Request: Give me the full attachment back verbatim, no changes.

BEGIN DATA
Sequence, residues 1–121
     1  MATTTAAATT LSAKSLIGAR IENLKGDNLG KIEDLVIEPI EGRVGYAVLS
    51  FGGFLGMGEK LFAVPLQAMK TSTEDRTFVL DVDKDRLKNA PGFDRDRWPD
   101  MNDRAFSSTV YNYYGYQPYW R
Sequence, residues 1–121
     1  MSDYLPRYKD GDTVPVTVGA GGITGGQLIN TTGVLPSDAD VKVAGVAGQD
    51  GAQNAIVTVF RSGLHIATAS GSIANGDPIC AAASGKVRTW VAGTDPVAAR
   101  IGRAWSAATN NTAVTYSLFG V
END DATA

Sequence, residues 1–121
     1  MATTTAAATT LSAKSLIGAR IENLKGDNLG KIEDLVIEPI EGRVGYAVLS
    51  FGGFLGMGEK LFAVPLQAMK TSTEDRTFVL DVDKDRLKNA PGFDRDRWPD
   101  MNDRAFSSTV YNYYGYQPYW R
Sequence, residues 1–121
     1  MSDYLPRYKD GDTVPVTVGA GGITGGQLIN TTGVLPSDAD VKVAGVAGQD
    51  GAQNAIVTVF RSGLHIATAS GSIANGDPIC AAASGKVRTW VAGTDPVAAR
   101  IGRAWSAATN NTAVTYSLFG V